Deservingness in Classical Music
Many think Blacks don’t deserve to be in classical music, including us.
From an early age, decisions of deservingness seem autonomic. We award more empathy to those judged worthy of our attention. When individualized, fair and independent of race, it’s harmless.
In classical music, deservingness is unfair because only whites decide.
Deservingness is the white identification of worthy musicians; those perceived as having followed the rules for musical membership. Orchestras, conductors, artists managements, and tastemakers in classical music are almost all white. Their judgment of deservingness is de facto culturally racist.
So why should we care?
Blacks are judged harsher than white musicians, often resulting in a race-based denial of musical membership.
Resumes of Musical Membership
Hard and soft resumes are classic predictors of deservingness.
- Hard resume: attending premiere music schools/conservatories, studying with noted teachers or conductors of historic lineage, and/or winning prizes in major international competitions.
- Soft resume: musician parents (musical membership by birthright), teachers in major orchestras, being friends with famous conductors/soloist, good looks/photogeneity, persona, and being accepted by power networks in major metropolitan cities.
Benefiting from unmitigated rights and access to the republic, White musicians take many of these scripts for granted. Blacks became citizens in 1868 under the 14th amendment, granting us “equal protection” under the law. Legalized Segregation limited our access to classical music. Still, today, fulfilling most scripts of music memberships is difficult for Blacks. Even when we’re successful with an impeccable resume, we remain over criticized, stigmatized, marginalized and excluded from stages.
Whole notes: The White Center
Regardless of ability, being white holds one in the center of musical membership. Like a whole note in 4/4 time, whites take up all the beats. They’re rewarded with access to good ol’ boy networks, “good” schools (white schools), higher socioeconomic status, and unmatched empathy from conductors, managers, artistic administrators, the media, and audiences.
White supremacy leaves no room for unique cultural repertoires or narratives.
Conforming to classical music’s white supremacy keeps whites comfortable. It’s an art form in and unto itself.
Being Black and overqualified rocks the boat causing negative bias. Competent white musicians are labeled intelligent, inspirational, and highly qualified, while Blacks are conceited, threatening, pushy, and not worthwhile. Blacks must assimilate by being apologetic, upbeat at all times, quiet and docile.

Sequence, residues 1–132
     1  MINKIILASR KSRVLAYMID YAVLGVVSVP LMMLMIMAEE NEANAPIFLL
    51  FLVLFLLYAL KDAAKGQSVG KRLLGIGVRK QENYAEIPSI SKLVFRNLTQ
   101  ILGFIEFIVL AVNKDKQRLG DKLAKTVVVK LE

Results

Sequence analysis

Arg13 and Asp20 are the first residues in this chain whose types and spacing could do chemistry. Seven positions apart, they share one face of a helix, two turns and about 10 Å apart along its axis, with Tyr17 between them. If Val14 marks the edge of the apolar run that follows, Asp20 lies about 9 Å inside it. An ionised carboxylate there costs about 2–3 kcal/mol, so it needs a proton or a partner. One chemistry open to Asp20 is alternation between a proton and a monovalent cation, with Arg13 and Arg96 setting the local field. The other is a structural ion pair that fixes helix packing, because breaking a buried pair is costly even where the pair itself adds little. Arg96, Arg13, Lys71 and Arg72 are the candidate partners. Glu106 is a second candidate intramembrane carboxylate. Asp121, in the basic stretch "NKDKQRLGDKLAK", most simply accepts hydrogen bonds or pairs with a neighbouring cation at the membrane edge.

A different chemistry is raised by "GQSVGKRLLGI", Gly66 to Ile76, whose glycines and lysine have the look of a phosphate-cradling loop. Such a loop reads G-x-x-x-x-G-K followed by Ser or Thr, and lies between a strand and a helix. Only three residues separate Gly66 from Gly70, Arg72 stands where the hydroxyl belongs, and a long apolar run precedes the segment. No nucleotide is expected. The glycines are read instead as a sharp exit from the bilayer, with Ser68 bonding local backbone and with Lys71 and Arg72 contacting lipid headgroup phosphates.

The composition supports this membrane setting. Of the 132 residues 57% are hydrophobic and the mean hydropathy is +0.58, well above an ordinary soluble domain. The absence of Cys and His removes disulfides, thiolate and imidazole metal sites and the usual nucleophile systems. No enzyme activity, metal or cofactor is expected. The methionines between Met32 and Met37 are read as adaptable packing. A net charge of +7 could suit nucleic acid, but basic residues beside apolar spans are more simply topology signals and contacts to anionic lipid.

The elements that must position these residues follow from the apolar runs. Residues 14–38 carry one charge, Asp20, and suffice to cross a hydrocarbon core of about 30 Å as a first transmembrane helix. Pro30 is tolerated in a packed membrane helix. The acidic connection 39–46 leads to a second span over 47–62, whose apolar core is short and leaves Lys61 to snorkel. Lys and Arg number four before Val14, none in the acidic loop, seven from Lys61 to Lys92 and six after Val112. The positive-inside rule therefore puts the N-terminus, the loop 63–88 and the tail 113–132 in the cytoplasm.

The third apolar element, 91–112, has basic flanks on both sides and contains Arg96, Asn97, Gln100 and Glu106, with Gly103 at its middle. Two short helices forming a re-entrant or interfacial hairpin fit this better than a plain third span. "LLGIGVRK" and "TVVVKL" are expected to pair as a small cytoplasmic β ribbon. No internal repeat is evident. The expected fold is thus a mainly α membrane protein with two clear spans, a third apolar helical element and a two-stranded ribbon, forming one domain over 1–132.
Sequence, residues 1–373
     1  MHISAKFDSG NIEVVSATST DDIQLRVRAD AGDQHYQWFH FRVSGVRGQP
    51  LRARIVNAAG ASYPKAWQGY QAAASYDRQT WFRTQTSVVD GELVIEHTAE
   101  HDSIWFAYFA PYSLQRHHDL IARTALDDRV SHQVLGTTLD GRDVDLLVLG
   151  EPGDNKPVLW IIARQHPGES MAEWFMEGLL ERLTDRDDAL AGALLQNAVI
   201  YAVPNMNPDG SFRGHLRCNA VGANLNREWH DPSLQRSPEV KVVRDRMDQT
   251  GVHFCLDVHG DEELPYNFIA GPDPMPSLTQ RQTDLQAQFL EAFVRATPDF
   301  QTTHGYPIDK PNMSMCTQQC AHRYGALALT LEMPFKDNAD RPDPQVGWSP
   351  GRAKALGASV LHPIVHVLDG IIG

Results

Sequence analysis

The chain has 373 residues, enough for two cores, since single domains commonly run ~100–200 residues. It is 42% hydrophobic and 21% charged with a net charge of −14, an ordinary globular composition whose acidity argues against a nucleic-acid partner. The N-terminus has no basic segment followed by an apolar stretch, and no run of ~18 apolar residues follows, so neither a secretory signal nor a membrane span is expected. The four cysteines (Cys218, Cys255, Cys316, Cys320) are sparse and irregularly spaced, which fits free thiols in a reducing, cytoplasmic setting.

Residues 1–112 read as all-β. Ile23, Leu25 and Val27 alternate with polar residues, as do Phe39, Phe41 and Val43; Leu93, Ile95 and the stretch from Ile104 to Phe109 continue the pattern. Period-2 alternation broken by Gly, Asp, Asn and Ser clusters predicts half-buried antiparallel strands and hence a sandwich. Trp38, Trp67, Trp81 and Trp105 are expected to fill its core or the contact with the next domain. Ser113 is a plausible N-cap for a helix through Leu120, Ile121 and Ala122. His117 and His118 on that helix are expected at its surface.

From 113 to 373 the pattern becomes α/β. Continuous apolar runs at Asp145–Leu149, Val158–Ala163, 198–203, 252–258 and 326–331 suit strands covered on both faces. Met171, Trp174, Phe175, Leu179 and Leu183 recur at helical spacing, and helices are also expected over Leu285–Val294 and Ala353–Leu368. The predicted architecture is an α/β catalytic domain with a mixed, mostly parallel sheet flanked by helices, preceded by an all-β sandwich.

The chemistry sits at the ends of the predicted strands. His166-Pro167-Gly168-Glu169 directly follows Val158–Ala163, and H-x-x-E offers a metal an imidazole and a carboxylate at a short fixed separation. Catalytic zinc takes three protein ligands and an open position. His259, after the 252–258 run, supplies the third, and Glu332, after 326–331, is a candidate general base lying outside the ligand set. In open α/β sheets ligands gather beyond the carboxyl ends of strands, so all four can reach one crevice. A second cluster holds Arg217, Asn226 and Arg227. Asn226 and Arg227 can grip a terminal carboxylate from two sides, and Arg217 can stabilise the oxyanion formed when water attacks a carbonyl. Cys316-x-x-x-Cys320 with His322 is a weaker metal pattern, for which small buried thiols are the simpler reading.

Peabody’s White Texas
Deservingness is a mechanism of white supremacy. It’s designed to make Black musicians small, ruin our self-esteem and compromise artistry.
Classmates at the Peabody Institute let me know week one I didn’t deserve to be there.
One whined the first day, “I’ve tried for years to get in. You got in without an audition [on campus].”
Some lashed out in sabotage.
Meet White Texas. He was a low performing short and scrawny doctoral student and Harvard grad, who skirted into the program after numerous attempts. In typical white male fashion, he felt entitled to be wherever he was. Society supports him.
Conducting a full opera with orchestra was a major program feature. Puccini’s classic La Boheme was my first year. White Texas stole this opportunity from me. Peabody let him.
Normally, students communicated the teacher’s assignments via email. I never received my opera assignment. White Texas left my email address off, leaving me unprepared. Sabotage was his only opportunity to show me up. It’s pathetic really.
I emailed on 2/7/2010 the orchestra manager:
[…] there was no resolution, no reparations, no apologies were made, it is as if it was okay to do this to me.
Upon administrative investigation, it was proven intentional. White Texas wasn’t reprimanded. I was silenced about my racist disparate treatment. Had I been white, this wouldn’t have happened.
Racism from students was tolerated because I was the undeserving Black token. For Peabody, it was just compensation for upsetting the racial hierarchy with my talent.
Deservingness Isn’t Competency
Whites train Black classical musicians. It’s implicit that they’re the sole deserving arbiters of classical music. We’re expected to be satisfied with mere access. Asking for more makes us unhumbled ingrates.